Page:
Charlotte Street Partners lobbying for Rupert Murdoch papers
The Ferret, by Peter Geoghegan
Influential PR firm Charlotte Street Partners is lobbying on behalf of Rupert Murdoch’s newspaper titles in Scotland, The Ferret has learned.
The revelation has sparked concerns about the extent of Murdoch’s influence at Holyrood and calls for greater openness and transparency around lobbying in Scotland.
Charlotte Street Partners does not publish lists of clients. But since February the Edinburgh-registered outfit has been representing News Scotland, publishers of The Scottish Sun, The Times and Sunday Times in Scotland.
The relationship between Charlotte Street Partners and Rupert Murdoch’s Scottish titles was criticised by campaigners and politicians.
“The Murdoch press has long played politics with Scotland. This latest discovery by the Ferret raises serious concerns about opaque lobbying firms and their entrenched links to unaccountable power,” said Justin Schlosberg, chair of the Media Reform Coalition.
Labour MSP Neil Findlay said: “Charlotte Street Partners epitomise the emerging ‘New Establishment’ in Scotland, with its cosy links and associations between lobbyists, their – often secretive and unknown- clients and Government.”
Charlotte Street Partners, which has offices in Edinburgh and London, boasts unparalleled connections across the Scottish political spectrum.
The “strategic communications company” was founded in 2013 by former SNP MSP Andrew Wilson and Malcolm Robertson, son of ex-Labour Nato secretary general Lord Robertson. The consultancy is chaired by banking scion Sir Angus Grossart and among the directors is Roland Rudd, founder and chairman of Finsbury communications and brother of Conservative home secretary, Amber Rudd.
Past Charlotte Street Partners clients include Cluff Natural Resources, a company accused of ‘guilt-tripping’ Scottish ministers in an effort to push through undersea coal gasification in the Firth of Forth, Irn-Bru maker AG Barr and mobile-phone mast firm, Wireless Infrastructure Group.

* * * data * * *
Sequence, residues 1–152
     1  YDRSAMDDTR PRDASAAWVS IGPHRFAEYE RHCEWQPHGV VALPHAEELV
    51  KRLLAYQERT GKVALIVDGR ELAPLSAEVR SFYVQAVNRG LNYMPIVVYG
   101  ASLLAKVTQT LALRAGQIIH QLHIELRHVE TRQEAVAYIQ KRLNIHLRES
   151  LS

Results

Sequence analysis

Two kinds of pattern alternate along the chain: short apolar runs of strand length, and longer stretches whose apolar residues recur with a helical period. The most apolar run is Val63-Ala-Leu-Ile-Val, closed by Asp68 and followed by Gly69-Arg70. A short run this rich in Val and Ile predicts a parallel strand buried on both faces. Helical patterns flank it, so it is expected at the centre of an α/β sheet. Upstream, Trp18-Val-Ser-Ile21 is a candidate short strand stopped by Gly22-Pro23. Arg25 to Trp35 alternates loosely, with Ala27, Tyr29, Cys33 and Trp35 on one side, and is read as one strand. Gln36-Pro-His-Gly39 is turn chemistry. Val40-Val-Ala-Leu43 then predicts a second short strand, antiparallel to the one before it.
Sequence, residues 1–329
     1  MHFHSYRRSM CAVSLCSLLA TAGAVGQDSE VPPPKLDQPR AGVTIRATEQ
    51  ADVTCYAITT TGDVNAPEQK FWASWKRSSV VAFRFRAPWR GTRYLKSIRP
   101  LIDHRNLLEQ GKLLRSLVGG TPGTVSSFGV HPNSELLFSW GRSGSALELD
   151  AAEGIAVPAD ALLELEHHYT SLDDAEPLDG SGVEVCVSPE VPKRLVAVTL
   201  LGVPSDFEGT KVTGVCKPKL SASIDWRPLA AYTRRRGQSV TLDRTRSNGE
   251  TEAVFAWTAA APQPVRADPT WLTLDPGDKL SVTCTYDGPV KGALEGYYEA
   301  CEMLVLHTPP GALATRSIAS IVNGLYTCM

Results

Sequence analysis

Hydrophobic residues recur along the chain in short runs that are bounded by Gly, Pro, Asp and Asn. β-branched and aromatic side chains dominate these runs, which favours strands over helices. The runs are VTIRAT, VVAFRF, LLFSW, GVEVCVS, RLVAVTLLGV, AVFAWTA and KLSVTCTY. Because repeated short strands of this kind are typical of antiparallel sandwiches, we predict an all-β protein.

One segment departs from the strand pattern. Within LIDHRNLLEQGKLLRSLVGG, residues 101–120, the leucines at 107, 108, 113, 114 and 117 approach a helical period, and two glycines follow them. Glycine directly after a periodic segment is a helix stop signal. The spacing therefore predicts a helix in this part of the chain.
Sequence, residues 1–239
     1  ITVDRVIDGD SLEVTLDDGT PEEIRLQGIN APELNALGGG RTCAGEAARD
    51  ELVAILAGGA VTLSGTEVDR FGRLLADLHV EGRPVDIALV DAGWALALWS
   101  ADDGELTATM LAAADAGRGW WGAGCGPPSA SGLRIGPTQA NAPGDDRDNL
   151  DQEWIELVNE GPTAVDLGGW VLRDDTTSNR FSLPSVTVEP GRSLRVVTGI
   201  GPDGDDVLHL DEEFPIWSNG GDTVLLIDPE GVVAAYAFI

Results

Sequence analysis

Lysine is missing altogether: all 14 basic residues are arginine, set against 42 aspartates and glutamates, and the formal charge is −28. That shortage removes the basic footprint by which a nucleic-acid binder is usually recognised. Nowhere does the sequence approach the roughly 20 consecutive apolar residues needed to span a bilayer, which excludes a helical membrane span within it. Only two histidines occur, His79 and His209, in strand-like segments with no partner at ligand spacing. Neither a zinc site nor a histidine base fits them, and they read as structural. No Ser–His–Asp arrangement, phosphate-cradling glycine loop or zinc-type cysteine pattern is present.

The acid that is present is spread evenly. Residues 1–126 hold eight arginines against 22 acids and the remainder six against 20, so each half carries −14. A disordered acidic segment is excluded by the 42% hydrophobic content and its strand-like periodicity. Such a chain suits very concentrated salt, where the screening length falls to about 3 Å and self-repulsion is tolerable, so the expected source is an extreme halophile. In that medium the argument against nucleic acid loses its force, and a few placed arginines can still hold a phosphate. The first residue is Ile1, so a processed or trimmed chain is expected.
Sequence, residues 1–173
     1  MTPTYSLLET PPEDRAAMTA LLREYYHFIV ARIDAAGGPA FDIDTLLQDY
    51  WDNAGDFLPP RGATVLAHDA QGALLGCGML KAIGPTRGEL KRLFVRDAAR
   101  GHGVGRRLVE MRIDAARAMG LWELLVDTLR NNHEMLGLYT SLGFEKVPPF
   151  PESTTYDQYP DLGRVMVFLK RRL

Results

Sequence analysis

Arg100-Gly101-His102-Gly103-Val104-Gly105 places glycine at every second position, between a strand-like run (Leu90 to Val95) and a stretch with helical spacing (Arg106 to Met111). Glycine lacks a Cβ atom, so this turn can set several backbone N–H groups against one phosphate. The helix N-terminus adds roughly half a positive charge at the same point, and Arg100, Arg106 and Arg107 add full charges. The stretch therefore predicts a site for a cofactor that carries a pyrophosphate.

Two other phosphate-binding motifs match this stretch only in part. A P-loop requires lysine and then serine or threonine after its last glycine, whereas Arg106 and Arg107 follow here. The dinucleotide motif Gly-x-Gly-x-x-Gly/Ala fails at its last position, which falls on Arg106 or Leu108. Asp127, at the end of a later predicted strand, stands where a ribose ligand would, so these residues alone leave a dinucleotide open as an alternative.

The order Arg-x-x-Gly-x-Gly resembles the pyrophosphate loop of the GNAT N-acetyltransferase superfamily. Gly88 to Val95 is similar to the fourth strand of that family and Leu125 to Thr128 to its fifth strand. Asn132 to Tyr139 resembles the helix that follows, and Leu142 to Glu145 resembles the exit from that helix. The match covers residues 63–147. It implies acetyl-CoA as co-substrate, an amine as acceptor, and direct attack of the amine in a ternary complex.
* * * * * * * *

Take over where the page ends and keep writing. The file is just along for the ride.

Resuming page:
However, Charlotte Street Partners is not a member of the Association of Professional Political Consultants or the Chartered Institute of Public Relations, both of which operate voluntary client registers.
Wilson, a former communications chief at RBS, is currently heading Nicola Sturgeon’s Growth Commission, set up as part of the SNP’s listening exercise on independence.
Kevin Pringle, formerly SNP press chief, joined Charlotte Street Partners in 2015. He also writes a weekly political column for the Sunday Times.
Scottish Greens MSP Andy Wightman expressed concern about Charlotte Street Partners’ link-up with News Scotland.
“I have substantial concerns about lobbying and PR firms like Charlotte Street Partners who do not publicly name their clients, especially when some of those partners are newspaper columnists and now appear to be taking on the newspapers they write for as a client,” said Wightman, who lists all his lobbying interactions on his online transparency register.
Under the Scottish Parliament’s code of conduct journalists are barred from acting as lobbyists.
Ex-BBC Scotland head of news John Boothman worked briefly for Charlotte Street Partners as head of media training but left last summer after taking a position as political correspondent at the Scottish edition of the Sunday Times.
The Scottish Parliament does not hold data on who daily media passes are allocated to, but did confirm that no Charlotte Street Partners executives hold permanent media passes.
In 2016, Holyrood passed a lobbying act that aimed to increase the level of transparency in the Scottish Parliament. A register of lobbyists is due to be introduced by spring of next year, and will include details of paid lobbying consultants as well as a code of conduct for lobbyists.